Cradle of great ancient civilizations, superhighway for trade and transport, treasure-trove of biodiversity, the Mediterranean — the world’s best known sea — faces a sea of challenges in the 21st century, including climate change, pollution, tourism and overfishing. That’s the topic of the cover story in the current edition of Chemical & Engineering News (C&EN), weekly newsmagazine of the American Chemical Society, the world’s largest scientific society.
In the article, Sarah Everts, C&EN senior editor, points out that the Mediterranean is not only historically important, but it is also environmentally unique. For example, though it contains only 1 percent of the Earth’s ocean water, the Mediterranean Sea hosts 8 percent of the world’s biodiversity. But those biological treasures are now under threat from human pressures, including overfishing, unregulated tourism, shipping traffic and oil-drilling platforms. Environmental groups have been reporting massive die-offs of marine creatures such as monk seals, which have been called “living fossils” because they were swimming the Mediterranean’s waters as long as 15 million years ago.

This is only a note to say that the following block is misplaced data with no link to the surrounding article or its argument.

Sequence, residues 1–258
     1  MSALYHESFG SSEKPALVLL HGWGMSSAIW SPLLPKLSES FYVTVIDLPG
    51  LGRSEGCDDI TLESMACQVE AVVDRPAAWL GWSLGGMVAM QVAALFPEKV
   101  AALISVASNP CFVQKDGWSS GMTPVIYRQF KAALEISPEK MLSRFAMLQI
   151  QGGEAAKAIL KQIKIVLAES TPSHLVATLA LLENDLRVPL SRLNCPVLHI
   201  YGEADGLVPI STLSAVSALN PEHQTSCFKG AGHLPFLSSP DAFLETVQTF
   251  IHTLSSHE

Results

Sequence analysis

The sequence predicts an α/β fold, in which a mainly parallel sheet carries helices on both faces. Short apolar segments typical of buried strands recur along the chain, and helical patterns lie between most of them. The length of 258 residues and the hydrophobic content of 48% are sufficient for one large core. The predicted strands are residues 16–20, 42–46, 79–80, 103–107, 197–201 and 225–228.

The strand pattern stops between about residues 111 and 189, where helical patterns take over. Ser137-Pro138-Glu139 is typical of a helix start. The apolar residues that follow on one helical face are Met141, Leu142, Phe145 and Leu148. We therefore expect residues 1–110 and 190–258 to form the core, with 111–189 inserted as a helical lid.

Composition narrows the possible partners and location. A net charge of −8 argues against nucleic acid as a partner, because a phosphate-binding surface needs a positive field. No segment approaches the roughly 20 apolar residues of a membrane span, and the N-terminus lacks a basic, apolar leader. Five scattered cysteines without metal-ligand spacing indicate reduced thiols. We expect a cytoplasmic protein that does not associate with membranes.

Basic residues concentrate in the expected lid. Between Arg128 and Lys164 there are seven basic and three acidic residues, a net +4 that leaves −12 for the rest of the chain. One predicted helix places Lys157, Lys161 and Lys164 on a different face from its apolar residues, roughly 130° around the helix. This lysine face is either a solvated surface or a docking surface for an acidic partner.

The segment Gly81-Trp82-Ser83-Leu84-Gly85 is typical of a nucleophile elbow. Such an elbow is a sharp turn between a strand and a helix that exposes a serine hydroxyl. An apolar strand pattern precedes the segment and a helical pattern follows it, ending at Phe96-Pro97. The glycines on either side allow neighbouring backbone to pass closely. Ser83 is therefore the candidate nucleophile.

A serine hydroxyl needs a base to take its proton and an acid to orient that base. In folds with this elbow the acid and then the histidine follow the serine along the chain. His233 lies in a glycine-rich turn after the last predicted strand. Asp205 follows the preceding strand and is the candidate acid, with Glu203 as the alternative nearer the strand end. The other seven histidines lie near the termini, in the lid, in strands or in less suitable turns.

Stakeholders in the region have been meeting for several decades to discuss shared environmental problems, but getting concerted action to solve these problems is a challenge, given the 22 nations’ political, economic, linguistic and cultural differences. But some progress is being made. For example, an $8 million project called MedSeA is studying the impacts of climate change and acidification on the Mediterranean Sea. And in some regions, sewage is now treated so it is safe to swim at some city beaches along the coast — an unthinkable activity back in the 1970s because of widespread pollution.